In the Light Of

After Illuminations by Arthur Rimbaud

Ciaran Carson

Cover design for
Wake Forest University Press
by Nathan Moehlmann, Goosepen Studio & Press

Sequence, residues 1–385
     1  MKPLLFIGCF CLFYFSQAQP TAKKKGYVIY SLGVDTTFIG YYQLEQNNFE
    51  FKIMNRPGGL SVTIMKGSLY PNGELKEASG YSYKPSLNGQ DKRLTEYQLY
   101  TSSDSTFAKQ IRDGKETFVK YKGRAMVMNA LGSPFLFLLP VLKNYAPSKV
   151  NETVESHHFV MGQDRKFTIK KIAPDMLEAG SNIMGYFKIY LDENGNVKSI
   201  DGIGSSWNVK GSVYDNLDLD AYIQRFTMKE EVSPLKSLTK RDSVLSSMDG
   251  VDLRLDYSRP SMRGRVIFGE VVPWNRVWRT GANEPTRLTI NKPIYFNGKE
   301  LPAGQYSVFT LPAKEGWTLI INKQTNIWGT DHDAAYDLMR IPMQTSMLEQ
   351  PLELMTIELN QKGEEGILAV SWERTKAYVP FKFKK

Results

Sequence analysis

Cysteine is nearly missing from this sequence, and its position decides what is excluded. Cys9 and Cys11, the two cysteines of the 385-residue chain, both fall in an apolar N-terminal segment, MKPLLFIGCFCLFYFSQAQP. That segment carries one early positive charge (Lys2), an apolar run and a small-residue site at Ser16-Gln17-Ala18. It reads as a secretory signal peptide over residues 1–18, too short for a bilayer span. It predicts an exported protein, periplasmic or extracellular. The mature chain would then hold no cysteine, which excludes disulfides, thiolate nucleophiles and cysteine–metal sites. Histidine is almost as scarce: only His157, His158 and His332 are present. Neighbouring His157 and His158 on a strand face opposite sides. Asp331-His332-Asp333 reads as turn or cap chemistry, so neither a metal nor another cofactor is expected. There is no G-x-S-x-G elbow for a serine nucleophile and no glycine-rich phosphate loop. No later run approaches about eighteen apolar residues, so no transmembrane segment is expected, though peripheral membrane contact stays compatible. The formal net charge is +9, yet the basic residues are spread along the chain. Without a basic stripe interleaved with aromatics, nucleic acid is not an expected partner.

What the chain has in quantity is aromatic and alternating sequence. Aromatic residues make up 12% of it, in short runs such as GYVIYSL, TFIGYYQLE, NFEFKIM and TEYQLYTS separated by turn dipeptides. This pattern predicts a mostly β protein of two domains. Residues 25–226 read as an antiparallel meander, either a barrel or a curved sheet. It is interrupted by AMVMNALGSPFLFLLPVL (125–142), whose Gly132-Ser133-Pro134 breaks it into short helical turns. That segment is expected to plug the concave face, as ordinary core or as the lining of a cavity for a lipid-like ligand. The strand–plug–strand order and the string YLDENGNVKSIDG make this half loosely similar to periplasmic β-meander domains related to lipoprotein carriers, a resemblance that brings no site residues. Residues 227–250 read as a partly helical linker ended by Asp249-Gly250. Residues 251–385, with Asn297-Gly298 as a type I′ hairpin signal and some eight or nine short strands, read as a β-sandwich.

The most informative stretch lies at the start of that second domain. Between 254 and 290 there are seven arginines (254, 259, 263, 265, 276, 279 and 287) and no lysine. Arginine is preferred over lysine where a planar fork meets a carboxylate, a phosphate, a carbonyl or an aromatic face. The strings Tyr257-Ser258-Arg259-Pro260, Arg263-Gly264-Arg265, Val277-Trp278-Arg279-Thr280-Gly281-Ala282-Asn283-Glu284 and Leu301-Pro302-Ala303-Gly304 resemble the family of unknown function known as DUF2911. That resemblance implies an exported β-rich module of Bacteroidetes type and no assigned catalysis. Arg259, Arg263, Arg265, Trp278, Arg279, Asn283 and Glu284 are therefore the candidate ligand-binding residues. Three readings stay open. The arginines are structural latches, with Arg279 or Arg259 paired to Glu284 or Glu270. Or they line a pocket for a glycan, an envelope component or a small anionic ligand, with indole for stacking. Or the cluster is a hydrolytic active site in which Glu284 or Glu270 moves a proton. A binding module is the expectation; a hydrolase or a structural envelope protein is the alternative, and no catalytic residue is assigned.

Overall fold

Ciaran Carson has a distinguished history of translation from the Italian (The Inferno of Dante Alighieri, 2002), the Irish (The Midnight Court, 2005; and The Táin, 2007) as well as from the French (The Alexandrine Plan, 1988). He states in his “Author’s Note” that “these versions are not conventional translations…. There are instances where I have added to or taken away from the original. I have sometimes twisted Rimbaud’s words. And Rimbaud’s words, of course, twisted mine….” Carson’s idea of the translator’s work is like the French poet’s own visionary idea of how poetry conveys the hypnotic violence of the real: “The poet makes himself a seer through a long, prodigious and rational disordering of the senses.” Carson continues: “However we gloss the title Illuminations, the poems flit within the inward eye like brightly-coloured magic lantern slides, pictures from a marvellous book, visions of another world, scenes from an avant-garde film. Rimbaud was avant-garde before the Avant-garde; a surrealist before Surrealism; and, environmentalist avant la lettre, his critique of industrial society in some of these poems is still relevant today. In all senses he was indeed a seer.” Only a poet of Carson’s skills could translate the poetry of the poète maudit “in the light of” the original.